- It is also a foul when a player touches the ball with any part of their body or with any ball other than the cue ball.
- It is also a foul when the ball is hit off the table. Reds are irreplaceable but coloured balls must be respotted.
- A referee may call “touching ball” if the cue ball is touching another ball. A player must play away from that ball. It is automatically a foul if the ball moves. If it is a nominated ball, the player can play away and it may be called as already contact with the ball.
- If the spot in which a coloured ball would be respotted is covered by a different ball, the coloured ball must be on the next highest available spot. Should all the spots be unavailable, the coloured ball must be as close to its original spot as possible. It should not be touching any other ball.
- When one player fouls and the opponent cannot hit the next legal ball, there is a declaration of a free ball. This will result in the player hitting any other ball of their choice that they must nominate. This will receive a score and act as the next legal ball. For instance, the player may nominate a black as a red. If this is potted, the next ball becomes a coloured ball.
- A player must have one foot on the ground whilst playing a shot.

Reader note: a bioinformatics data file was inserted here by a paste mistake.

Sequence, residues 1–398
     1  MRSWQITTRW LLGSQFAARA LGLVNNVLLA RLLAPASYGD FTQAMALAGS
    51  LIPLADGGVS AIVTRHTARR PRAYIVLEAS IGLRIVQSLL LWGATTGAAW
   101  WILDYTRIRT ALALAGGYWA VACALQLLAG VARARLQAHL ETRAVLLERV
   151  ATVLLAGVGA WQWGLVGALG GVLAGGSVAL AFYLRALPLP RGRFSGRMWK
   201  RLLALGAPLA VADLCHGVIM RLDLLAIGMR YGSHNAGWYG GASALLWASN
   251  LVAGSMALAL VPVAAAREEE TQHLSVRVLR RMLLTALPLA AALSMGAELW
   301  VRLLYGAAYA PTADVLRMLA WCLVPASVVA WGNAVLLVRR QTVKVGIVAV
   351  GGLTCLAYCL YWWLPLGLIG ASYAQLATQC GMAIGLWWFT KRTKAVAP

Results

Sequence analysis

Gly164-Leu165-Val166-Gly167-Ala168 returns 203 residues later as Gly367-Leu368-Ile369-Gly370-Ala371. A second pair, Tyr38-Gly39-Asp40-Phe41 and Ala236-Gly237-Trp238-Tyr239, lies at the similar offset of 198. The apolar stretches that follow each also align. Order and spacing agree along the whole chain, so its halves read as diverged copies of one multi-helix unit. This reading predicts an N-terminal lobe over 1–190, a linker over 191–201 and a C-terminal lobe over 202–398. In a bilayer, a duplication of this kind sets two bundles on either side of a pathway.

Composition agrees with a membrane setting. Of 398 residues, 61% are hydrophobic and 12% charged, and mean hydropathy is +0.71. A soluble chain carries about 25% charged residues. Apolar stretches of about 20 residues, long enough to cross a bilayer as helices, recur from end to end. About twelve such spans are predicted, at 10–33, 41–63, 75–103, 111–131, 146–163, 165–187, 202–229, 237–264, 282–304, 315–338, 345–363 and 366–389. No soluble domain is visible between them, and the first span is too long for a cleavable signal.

- Pocketing the cue ball is a foul. The same goes for a jump shot or when the ball leaves the table and clears another ball.
Betting on Snooker
Betting on snooker is relatively easy nowadays as there are a host of snooker tournaments throughout the year. The tournaments with the most value are those in the early rounds and qualifiers since matches are often short.
Many of the tournaments take place in Europe and Asia but the best qualifiers are often in England. If you are living in Malaysia, it is best to place bets with an online bookie like GDBet333. These matches are often streamed online and the most profitable bets are those in major tournaments like the Snooker World Championship, the Masters, and the UK Championships. These major tournaments often feature top-brass players around the world so it always attracts a huge betting crowd.